Although it looks something like a car, Rob Cotter is emphatic: The ELF, which he’s now producing in a North Carolina factory, is a bicycle. “I’ve been involved in human-powered transit for a long time,” he says, “and realized there was a maturing market—people would pay for a vehicle that gives them exercise and helps the planet.”
The ELF is an enclosed three-wheeler with electric assist and a rooftop solar panel that can charge the battery in seven hours. You pedal it, and the electric motor is there as a kind of turbocharger to take you up to 20 mph. Although an enthusiast just rode one from the factory all the way to Cambridge, Mass., the 135-pound door-less vehicle is primarily a short-hop commuter hybrid for people who want to stay (mostly) out of the weather and tap into some help getting up the hills.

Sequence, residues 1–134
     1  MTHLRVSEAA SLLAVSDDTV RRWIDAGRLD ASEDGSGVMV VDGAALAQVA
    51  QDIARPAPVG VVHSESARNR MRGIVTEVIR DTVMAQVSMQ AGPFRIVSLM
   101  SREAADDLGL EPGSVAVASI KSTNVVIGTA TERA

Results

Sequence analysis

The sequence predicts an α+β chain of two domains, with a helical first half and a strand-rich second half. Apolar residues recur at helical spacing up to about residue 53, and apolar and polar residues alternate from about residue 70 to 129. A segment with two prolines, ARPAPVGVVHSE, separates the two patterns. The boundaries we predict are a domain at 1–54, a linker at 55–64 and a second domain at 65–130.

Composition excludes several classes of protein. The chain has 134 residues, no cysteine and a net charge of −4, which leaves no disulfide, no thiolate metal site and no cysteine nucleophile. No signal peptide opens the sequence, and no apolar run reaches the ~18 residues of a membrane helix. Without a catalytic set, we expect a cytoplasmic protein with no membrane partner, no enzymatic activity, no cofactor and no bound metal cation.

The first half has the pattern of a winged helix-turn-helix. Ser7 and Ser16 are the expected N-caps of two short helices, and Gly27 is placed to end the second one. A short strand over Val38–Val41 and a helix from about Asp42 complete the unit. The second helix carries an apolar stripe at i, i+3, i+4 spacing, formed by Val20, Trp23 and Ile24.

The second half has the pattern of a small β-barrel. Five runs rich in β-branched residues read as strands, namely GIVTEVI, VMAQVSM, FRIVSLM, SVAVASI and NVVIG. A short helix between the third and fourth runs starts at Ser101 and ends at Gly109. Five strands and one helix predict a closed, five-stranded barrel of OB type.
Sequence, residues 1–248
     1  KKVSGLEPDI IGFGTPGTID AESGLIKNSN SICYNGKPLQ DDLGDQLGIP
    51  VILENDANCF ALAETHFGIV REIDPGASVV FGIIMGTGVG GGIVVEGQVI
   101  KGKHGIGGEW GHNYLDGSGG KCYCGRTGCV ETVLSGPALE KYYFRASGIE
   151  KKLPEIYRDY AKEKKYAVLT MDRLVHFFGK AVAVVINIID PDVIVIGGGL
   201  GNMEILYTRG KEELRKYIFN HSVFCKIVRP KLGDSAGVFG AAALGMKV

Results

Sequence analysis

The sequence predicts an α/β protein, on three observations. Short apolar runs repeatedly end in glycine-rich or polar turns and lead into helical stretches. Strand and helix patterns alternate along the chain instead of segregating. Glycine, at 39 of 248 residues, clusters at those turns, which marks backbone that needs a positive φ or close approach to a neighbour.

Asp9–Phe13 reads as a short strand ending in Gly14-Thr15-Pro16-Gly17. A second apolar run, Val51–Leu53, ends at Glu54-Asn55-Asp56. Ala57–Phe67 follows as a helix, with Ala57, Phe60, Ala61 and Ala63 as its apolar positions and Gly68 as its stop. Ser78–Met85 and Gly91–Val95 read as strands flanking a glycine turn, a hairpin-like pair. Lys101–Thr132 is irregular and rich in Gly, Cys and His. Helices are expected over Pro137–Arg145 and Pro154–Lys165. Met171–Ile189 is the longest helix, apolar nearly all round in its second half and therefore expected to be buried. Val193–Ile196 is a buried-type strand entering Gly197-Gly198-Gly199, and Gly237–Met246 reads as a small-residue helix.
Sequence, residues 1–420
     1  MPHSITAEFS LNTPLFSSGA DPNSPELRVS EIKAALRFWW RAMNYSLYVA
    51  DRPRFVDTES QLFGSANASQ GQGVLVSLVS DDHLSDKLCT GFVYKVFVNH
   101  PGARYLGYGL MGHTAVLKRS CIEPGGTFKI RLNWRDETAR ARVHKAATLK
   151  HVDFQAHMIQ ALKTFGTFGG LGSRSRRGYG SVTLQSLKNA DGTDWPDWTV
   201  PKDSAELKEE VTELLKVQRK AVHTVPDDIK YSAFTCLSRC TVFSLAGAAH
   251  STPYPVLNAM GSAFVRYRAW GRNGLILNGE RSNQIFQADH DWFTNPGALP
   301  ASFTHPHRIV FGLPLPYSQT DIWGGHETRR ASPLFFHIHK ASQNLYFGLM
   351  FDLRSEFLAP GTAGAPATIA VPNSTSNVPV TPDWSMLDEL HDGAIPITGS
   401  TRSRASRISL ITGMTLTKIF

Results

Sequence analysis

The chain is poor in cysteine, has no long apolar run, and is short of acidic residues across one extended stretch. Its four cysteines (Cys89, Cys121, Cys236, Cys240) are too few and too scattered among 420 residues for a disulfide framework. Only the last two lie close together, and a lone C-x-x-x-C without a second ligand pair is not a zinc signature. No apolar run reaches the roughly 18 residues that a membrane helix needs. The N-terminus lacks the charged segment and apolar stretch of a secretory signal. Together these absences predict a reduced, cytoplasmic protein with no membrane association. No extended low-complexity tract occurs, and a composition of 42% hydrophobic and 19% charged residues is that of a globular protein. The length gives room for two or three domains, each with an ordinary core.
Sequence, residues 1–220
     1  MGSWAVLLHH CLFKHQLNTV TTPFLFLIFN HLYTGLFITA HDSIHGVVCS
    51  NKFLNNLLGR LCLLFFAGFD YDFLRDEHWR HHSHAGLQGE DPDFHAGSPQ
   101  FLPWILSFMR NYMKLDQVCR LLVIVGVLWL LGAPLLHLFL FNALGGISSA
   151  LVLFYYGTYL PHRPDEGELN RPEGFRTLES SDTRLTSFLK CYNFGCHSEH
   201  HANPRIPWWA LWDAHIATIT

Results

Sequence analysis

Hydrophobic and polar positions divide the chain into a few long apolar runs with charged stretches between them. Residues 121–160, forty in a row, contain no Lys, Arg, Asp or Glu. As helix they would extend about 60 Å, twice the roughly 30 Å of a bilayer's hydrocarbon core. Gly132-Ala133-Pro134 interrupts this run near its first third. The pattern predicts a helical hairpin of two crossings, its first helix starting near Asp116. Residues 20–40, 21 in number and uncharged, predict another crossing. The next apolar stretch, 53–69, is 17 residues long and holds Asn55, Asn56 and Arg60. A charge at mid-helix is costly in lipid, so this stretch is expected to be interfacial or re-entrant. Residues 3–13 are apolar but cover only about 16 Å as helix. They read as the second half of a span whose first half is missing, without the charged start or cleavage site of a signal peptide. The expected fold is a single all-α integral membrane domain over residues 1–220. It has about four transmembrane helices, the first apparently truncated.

Cotter’s Organic Transit, launched through a Kickstarter campaign, has 22 employees in a former furniture warehouse. The company has produced approximately 70 ELFs, $5,000 apiece, and has orders for 1,200 more.
Opening the European market is next, Cotter says, because electric bikes there—many with lightweight cabs—are used for everything from delivering pizzas to hauling the mail. Coming, Cotter says, are ELF trucks, a hot rod, a pedicab and a catering version with solar panels providing power to keep food either hot or cold.